Phased Box Construction
The phased box was developed to house deteriorated and otherwise damaged library materials. Conceived as a temporary housing, it is designed to enclose damaged books compactly, along with any or all loose parts, until proper conservation treatment can be obtained.
The phased box is an economical, easily constructed, and sound housing that has been used successfully by many institutions as a permanent protective housing for items other than books.
8403 Cross Park Drive, Suite 2E
Austin, TX 78754 USA
Tel (512) 837-0479
Fax (512) 837-9794
Patricia Tweedy (retired)
Photographs: Craig Jensen
Illustrations: Patricia Tweedy
The box is constructed of two pieces of .060in pH neutral board. The boards are adhered together to form a cross-shaped structure that is folded and wrapped around the book. The enclosure is held together with rivets and heavy thread (Fig. 1).
Figure 1. Finished box.
Materials Tools Supplies
- Adhesive/glue brush
- Board creaser
- Board shear or board cutter
- Bone folder
- Corner rounder
- Hole punch (1/8in diameter)
- Jog box for book measurements or a piece of board or book measuring device or machinist’s dividers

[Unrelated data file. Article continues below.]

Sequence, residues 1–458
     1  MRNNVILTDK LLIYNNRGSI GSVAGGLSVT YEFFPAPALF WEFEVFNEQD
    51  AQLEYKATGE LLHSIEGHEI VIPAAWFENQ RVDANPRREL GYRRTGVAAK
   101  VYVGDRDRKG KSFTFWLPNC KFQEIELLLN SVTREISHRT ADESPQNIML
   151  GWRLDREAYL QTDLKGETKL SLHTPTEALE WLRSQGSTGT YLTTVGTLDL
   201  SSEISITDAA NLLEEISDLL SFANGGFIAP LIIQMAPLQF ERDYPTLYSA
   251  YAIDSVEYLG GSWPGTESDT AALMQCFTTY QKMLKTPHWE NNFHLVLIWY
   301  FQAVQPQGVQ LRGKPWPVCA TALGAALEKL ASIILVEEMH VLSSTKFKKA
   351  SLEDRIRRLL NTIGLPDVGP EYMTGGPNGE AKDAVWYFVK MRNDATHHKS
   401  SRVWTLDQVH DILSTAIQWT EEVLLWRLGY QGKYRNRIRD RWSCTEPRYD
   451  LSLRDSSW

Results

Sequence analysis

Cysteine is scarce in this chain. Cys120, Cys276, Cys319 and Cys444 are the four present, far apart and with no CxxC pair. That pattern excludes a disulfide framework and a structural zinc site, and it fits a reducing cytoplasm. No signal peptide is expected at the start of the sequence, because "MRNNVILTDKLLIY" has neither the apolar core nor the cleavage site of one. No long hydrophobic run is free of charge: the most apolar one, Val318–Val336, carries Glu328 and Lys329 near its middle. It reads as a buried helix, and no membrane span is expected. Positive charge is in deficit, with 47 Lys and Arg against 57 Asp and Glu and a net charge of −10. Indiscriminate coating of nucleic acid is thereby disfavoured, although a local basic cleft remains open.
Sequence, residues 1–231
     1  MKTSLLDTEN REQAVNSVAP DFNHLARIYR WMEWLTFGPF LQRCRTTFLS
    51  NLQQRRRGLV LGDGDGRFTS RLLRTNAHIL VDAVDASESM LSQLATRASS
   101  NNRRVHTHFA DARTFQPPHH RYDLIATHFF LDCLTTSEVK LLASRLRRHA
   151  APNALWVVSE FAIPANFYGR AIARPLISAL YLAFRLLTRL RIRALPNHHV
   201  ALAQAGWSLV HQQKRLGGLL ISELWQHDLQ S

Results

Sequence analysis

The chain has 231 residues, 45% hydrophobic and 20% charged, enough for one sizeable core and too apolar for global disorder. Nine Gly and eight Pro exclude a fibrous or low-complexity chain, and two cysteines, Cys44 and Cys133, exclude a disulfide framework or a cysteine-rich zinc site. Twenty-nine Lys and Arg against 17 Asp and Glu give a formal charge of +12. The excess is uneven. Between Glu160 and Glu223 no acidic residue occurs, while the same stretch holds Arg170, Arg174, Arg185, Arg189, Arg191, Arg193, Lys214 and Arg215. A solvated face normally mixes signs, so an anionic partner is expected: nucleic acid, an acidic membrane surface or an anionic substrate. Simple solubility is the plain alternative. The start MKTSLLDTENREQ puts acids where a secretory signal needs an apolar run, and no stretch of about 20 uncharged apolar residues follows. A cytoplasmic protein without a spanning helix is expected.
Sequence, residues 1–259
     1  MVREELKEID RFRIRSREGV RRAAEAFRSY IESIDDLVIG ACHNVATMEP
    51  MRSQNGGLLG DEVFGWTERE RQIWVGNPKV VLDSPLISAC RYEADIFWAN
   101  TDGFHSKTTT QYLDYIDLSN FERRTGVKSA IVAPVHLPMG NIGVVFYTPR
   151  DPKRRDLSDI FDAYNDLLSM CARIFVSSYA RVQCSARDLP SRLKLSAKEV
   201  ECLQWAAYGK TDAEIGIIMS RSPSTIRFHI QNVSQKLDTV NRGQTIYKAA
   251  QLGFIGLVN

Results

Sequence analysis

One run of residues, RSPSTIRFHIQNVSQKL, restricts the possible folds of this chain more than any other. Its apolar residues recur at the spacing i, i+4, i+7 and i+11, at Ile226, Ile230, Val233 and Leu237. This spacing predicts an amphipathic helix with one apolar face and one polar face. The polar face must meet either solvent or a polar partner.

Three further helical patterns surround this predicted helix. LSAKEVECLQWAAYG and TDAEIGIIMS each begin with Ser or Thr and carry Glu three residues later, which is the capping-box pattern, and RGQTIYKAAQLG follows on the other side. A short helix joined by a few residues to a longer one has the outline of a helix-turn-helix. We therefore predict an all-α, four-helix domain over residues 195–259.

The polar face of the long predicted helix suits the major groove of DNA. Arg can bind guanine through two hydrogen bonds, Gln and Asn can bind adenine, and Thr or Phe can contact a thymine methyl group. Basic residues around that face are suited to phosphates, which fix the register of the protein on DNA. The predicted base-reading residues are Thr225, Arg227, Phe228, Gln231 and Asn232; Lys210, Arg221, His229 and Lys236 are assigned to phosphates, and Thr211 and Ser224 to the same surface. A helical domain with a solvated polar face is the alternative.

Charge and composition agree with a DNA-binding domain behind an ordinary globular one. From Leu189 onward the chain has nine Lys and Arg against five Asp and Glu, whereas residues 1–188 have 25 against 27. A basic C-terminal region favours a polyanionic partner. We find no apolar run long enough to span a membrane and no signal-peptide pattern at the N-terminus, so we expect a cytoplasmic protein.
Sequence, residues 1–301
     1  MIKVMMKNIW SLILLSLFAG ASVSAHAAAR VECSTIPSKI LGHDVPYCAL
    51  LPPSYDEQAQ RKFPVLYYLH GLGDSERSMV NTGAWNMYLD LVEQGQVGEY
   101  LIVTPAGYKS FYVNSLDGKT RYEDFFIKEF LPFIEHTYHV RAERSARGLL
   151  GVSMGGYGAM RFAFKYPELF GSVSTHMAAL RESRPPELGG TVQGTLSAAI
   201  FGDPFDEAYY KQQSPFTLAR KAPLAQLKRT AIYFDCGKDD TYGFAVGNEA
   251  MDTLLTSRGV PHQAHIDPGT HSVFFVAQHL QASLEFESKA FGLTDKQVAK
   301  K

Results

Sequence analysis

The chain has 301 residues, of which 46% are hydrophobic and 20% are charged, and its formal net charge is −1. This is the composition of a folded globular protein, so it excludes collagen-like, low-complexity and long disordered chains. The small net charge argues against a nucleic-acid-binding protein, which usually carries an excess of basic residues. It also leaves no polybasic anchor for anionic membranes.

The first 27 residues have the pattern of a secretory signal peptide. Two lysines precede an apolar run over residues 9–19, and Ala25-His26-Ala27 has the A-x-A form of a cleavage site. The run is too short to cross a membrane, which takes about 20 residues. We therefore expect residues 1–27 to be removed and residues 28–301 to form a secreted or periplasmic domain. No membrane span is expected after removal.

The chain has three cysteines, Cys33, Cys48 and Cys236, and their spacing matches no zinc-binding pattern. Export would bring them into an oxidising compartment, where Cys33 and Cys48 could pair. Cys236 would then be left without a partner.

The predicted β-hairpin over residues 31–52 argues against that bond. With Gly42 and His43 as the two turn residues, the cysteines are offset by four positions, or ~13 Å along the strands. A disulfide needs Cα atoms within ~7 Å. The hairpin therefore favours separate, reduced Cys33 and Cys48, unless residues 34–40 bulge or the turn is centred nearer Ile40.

- pH neutral board, .060in
- Polyethylene washers
- Polyvinyl acetate adhesive
- Prewaxed heavy thread or light cord
Laying Out and Cutting Vertical Section
- Using a shear or cutter, cut two adjacent sides of a sheet of pH neutral board to square the board (90º corner).
- flap i. Place the book to be boxed in the squared corner of the board and lightly mark the length and width measurements of the book with a pencil (Fig. 2).
Figure 2. Diagram of vertical section.
- wall i. Using a book measuring device, a jog box or simply a piece of board placed on top of the book, determine the maximum thickness of the book. (This will often be along the spine of a book but may occur at the fore edge in the case of warped boards.) Add this measurement to the flap i length mark. Use a pair of machinist’s dividers to record this measurement and leave the dividers at this setting; adjustments are noted later in the procedure (Fig. 3).
Figure 3. Maximum thickness measurement is added to FLAP I mark.
- vertical baseboard. Using the book to be boxed as a measuring device, add its length at wall i, including an extra 1/8in on each end (Fig. 4).
Figure 4. An extra 1/8in is added on each end of the vertical baseboard dimension.
- wall ii. Open the machinist’s dividers to accommodate one more board thickness and add this measurement to the baseboard length mark.
- flap ii. Using the book to be boxed as a measuring device, add its length to the wall ii mark.
- With a board shear, cut the width measurement and then any excess off the length (Fig. 5). This cutting sequence is the most economical in a majority of cases.
Figure 5. Vertical section is cut with a board shear.
Laying Out and Cutting Horizontal Section
- flap iii. Using flap i as a measuring device, mark the length and width in a square corner of another sheet of board (Fig. 6).